Java Program to Sort ArrayList of Custom Objects By Property

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Sorting an ArrayList of Custom Objects in Java: A Comprehensive Guide


In Java programming, sorting collections of custom objects is a common task that developers encounter in various scenarios. Understanding how to sort an ArrayList of custom objects based on a specific property is crucial for efficient data manipulation. In this blog post, we will explore a Java program that demonstrates how to sort an ArrayList of custom objects by a chosen property. Through practical examples and an in-depth explanation of the underlying algorithm, you will gain a solid understanding of the sorting process.

Sorting Algorithm Overview

The sorting algorithm we will implement is based on the Comparator interface in Java. The Comparator interface allows us to define custom comparison logic for objects. We will create a custom comparator for our custom objects, specifying the property by which we want to sort.

Here are the key steps of the sorting algorithm:

  1. Define a Custom Object: Create a custom class representing the objects stored in the ArrayList. This class should implement the Comparable interface to provide natural ordering or include a custom comparator.

  2. Create a Custom Comparator: Implement a custom comparator class that compares objects based on the desired property. This class should implement the Comparator interface.

  3. Sort the ArrayList: Use the Collections.sort() method to sort the ArrayList using the custom comparator.

Now, let’s walk through the Java program with detailed explanations and examples.

Java Program: Sorting ArrayList of Custom Objects

Step 1: Define a Custom Object

public class Student implements Comparable<Student> {

    private String name;
    private int age;

    // Constructors, getters, and setters

    public int compareTo(Student otherStudent) {
        // Implement natural ordering logic (e.g., by name)

In this example, we have a Student class with a name property. The class implements the Comparable interface, providing a natural ordering based on the student’s name. If you want to sort by a different property, modify the compareTo method accordingly.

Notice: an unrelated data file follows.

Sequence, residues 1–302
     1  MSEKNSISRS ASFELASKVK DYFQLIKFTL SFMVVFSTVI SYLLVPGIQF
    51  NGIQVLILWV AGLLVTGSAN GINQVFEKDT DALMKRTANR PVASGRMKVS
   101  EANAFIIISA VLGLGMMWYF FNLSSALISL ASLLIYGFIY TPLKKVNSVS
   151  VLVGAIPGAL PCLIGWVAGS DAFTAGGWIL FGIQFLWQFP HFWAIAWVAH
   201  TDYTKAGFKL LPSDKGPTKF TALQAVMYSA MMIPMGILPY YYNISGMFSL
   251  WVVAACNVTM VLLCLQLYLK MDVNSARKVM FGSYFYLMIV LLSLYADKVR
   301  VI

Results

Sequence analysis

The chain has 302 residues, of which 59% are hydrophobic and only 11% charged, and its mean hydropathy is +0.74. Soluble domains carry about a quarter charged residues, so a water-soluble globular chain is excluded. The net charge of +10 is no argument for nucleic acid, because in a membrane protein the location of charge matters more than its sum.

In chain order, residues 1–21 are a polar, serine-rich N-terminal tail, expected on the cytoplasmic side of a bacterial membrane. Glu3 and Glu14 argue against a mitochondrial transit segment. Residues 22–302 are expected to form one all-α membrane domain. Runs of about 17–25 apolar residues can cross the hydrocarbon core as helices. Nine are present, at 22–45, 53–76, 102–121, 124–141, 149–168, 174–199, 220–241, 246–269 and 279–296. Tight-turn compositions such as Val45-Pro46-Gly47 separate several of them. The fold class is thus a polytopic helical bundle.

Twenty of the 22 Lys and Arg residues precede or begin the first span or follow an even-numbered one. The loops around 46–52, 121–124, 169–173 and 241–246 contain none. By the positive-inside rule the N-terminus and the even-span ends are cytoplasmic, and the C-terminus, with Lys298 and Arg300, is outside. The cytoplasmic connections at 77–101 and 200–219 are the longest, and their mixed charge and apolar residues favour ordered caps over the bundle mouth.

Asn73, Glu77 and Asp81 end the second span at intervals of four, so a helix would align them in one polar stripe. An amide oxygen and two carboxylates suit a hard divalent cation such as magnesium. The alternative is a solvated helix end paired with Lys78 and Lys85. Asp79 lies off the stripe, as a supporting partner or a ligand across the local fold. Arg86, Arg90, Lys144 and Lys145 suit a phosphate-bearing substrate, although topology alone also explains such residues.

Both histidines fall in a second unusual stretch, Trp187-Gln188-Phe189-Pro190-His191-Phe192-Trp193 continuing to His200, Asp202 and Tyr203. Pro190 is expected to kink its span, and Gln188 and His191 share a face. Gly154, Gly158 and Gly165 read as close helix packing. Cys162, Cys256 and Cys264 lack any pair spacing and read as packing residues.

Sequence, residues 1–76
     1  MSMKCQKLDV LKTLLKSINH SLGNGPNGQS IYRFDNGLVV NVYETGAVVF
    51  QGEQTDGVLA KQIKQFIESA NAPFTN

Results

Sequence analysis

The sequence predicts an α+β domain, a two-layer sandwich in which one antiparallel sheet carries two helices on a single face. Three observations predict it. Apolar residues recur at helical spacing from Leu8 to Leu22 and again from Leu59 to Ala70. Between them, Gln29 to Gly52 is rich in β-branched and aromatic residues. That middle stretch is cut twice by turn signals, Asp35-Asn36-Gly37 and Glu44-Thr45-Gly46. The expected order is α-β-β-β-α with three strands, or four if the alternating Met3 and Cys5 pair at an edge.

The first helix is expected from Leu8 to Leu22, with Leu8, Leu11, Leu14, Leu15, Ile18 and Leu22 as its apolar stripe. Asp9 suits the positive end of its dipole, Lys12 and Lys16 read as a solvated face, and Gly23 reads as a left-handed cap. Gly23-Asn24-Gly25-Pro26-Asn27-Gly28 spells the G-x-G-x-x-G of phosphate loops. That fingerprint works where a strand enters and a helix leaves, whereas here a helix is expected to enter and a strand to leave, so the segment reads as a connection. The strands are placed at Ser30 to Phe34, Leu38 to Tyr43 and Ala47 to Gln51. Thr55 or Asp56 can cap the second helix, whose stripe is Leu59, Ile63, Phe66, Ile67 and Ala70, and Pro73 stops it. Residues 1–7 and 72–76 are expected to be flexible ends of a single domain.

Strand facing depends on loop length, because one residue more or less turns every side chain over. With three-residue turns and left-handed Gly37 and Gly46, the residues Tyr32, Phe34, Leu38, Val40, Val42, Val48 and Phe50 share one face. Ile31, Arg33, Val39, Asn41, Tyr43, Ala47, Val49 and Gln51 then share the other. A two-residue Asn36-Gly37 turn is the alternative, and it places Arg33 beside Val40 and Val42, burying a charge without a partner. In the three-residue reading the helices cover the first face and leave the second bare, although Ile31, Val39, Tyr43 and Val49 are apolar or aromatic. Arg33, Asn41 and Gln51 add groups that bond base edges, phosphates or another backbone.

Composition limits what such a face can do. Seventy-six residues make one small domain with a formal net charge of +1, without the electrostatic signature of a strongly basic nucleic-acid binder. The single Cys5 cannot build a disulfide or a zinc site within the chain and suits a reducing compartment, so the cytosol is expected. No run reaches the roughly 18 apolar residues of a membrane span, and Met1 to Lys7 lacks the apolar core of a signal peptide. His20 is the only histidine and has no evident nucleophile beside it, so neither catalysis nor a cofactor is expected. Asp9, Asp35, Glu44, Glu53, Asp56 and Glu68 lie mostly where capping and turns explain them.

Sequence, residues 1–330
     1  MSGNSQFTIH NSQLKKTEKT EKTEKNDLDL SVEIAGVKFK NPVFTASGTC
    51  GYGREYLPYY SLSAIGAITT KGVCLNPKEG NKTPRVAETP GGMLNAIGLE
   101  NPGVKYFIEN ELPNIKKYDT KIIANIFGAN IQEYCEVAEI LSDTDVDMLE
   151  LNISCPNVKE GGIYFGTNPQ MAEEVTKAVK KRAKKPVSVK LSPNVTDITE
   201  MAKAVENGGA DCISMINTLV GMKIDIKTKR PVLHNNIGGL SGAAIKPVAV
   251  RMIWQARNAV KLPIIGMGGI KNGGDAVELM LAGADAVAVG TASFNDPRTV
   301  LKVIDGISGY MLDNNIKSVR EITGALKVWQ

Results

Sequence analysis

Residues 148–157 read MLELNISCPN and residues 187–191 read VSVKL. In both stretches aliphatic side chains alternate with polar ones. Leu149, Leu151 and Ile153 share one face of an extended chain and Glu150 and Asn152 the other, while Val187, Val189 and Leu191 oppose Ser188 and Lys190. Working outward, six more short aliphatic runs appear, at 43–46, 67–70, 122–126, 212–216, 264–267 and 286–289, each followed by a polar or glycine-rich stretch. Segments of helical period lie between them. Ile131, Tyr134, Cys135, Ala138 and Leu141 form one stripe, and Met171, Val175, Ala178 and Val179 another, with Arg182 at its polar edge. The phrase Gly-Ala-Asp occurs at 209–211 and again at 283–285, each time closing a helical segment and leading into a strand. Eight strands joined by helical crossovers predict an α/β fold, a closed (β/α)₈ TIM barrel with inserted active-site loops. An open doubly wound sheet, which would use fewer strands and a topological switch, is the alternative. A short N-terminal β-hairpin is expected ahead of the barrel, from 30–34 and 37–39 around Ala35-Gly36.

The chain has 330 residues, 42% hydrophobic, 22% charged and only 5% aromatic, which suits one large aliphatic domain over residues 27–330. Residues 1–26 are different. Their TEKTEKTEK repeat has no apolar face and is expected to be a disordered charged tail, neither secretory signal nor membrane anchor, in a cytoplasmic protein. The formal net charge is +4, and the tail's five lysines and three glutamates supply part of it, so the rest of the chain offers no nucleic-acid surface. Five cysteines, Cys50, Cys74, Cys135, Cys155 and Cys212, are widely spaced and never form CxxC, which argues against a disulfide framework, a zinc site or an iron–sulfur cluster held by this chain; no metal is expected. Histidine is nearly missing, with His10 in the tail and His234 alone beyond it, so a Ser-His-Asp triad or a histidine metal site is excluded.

Step 2: Create a Custom Comparator

import java.util.Comparator;

public class StudentAgeComparator implements Comparator<Student> {

    public int compare(Student student1, Student student2) {
        // Implement custom comparison logic (e.g., by age)
        return, student2.getAge());

Here, we create a custom comparator (StudentAgeComparator) that compares students based on their age. You can create multiple custom comparators for different sorting criteria.

Step 3: Sort the ArrayList

import java.util.ArrayList;
import java.util.Collections;
import java.util.List;

public class Main {

    public static void main(String[] args) {
        // Create an ArrayList of Student objects
        List<Student> students = new ArrayList<>();
        students.add(new Student("Alice", 21));
        students.add(new Student("Bob", 19));
        students.add(new Student("Charlie", 20));

        // Sort the ArrayList by name (natural ordering)

        // Print the sorted list
        System.out.println("Sorted by name:");
        for (Student student : students) {
            System.out.println(student.getName() + " - " + student.getAge() + " years old");

        // Sort the ArrayList by age using a custom comparator
        Collections.sort(students, new StudentAgeComparator());

        // Print the sorted list
        System.out.println("\nSorted by age:");
        for (Student student : students) {
            System.out.println(student.getName() + " - " + student.getAge() + " years old");

In the main method, we create an ArrayList of Student objects and demonstrate two types of sorting: natural ordering (by name) and sorting by age using the custom comparator.

Output Example

Sorted by name:
Alice - 21 years old
Bob - 19 years old
Charlie - 20 years old

Sorted by age:
Bob - 19 years old
Charlie - 20 years old
Alice - 21 years old


Sorting an ArrayList of custom objects in Java involves implementing the Comparator interface to define custom comparison logic. By following the steps outlined in this blog post, you can create a robust sorting mechanism tailored to your specific needs.

As a Java developer, mastering the art of sorting custom objects provides you with a powerful tool for organizing and analyzing data efficiently. Incorporate these sorting techniques into your projects, explore additional sorting strategies, and refine your skills in working with collections in Java. Sorting is a fundamental operation, and understanding how to customize it enhances your ability to manipulate data structures effectively.

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